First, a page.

Three ways to avoid the wellbeing pitfalls of the digital world

26th September 2017 at 12:03
wellbeing
Despite numerous benefits, the digital world of social media and email can be hazardous to your wellbeing, says this senior school leader

As a wellbeing coach, I have been able to witness the growing impact of the digital world on teachers and I now recognise some immediate concerns and sources of anxiety.  

For example, I helped a teacher who had become so involved with social media platforms that it had a negative impact on the time they could spend offline re-charging: she was never "off" and it caused serious issues. Another teacher had been struggling to manage a double-digit number of emails landing in their inbox on a daily basis. Another teacher felt forced to quit social media because of a number of negative comments directed at them.

It is not uncommon for professionals to be dealing with a number of issues arising online at the same time, brought to the forefront by their own and other people’s interactions and behaviours in the digital world. 

So what could we do to safeguard our wellbeing in the world of developing technology and ever-increasing online interactions? 

Digital communication can be overwhelming, but like real-life communication, we must recognise the warning signs, set boundaries and put a stop to unhealthy relationships, whether it’s with technology or people in our virtual worlds. There are three ways to achieve this:

1. Manage your inbox

Emails have been a fast and convenient way of communication for a while, but have we managed to fully adopt a healthy approach when dealing with emails from our colleagues, parents, pupils or any websites we might have subscribed to? The truth is that they can consume a huge chunk of our time – and many of us have more than one email address to manage. Some ways to manage this include: 

  • Reduce the number of emails you receive: unsubscribe from unwanted emails. Something that was relevant to you a year ago might not be relevant any longer.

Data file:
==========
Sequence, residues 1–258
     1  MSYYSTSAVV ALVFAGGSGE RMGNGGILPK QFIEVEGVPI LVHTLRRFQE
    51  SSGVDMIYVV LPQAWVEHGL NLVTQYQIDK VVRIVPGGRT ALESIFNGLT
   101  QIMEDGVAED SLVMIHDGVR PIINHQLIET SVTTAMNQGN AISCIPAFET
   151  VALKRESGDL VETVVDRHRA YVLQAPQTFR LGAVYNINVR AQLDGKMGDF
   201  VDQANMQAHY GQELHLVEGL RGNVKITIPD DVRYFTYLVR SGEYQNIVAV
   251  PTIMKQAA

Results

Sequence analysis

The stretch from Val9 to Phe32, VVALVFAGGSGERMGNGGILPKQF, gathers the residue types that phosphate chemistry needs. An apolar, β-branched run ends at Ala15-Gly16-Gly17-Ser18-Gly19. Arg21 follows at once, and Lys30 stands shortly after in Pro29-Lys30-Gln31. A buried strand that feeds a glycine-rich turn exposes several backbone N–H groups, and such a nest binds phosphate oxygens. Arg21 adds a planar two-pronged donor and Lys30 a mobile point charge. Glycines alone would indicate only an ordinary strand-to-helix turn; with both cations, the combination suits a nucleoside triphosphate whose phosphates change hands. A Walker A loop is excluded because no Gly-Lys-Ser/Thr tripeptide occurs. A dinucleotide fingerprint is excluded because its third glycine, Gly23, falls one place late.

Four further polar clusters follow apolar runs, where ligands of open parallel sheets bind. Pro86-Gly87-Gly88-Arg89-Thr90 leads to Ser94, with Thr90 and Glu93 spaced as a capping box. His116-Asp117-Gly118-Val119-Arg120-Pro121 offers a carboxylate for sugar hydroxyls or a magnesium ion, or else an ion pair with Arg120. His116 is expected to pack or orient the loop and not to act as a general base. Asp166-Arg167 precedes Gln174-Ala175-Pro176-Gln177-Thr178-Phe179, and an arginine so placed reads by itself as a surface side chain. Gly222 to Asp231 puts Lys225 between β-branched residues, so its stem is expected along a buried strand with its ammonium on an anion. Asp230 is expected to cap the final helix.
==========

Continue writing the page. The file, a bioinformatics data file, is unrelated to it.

• Establish set times when you are going to deal with the rest. Be realistic, the times need to work for you. Don’t open an email if you don’t have time to deal with it. If you do click on it, mark it as "unread": this way you won’t forget to deal with it later. 
  • Use the "three Ds" rule: delete, delegate, do.

 

2. Manage the time you spend on social media

Social media can be a valuable CPD tool. We can connect with like-minded professionals and learn a great deal fast. We can network, share resources and ideas, find inspiration and set our professional souls on fire, bringing renewed enthusiasm and passion into our classrooms. 

However, the amount of information social media contains can be overwhelming. Everything seems to be important and urgent, so make sure that you gain clarity and focus. Ask yourself:

  • What exactly are you trying to achieve or find? 
  • How much time can you realistically spend researching without jeopardising your other tasks? 
  • How is this information going to improve your practice? 

 

3. Manage your relationships in the virtual world

These relationships – on Twitter or other social media – can be a great source of support and comfort, especially if you are going through a hard time at work or home. Many teachers I worked with went as far as to say that they found them therapeutic because they were able to be more open with people who were detached from their current situations. 

However, there is a dark side to this. By doing so repeatedly, we put ourselves in danger of creating addiction that will have a negative impact on our wellbeing. We create an illusion of the wellbeing, a ‘‘second life’’ to hide stress or lack of fulfilment in our real lives instead of concentrating on dealing with the root of the problem. In their book The Digital Invasion: How Technology is Shaping You and Your Relationships, Dr Archibald D Hart and Dr Sylvia Hart Frejd suggest that ‘‘Addictions remove us from our true feelings, providing a form of escape from the unpleasant aspects of life. In many cases, one uses the Internet excessively to cope with social situations that are out of control.’’ 

In this fast-moving, action-oriented world of digital invasion, we become easily reachable and vulnerable, prompted consistently to get involved in conversations, answer questions, respond to requests or comment. If not managed properly, our digital lives can add more pressure to our already full and fast-paced real lives, leaving no time for self-care, reflection, contemplation or mediation and becoming another source of anxiety instead of providing true support and inspiration. 

Maria O’Neill is an advanced skills teacher, eSafety co-ordinator and head of PSHE. She is also a wellbeing coach, PhD student researching wellbeing and personal development, and founder of @HealthyToolkit and @UKPastoralChat.

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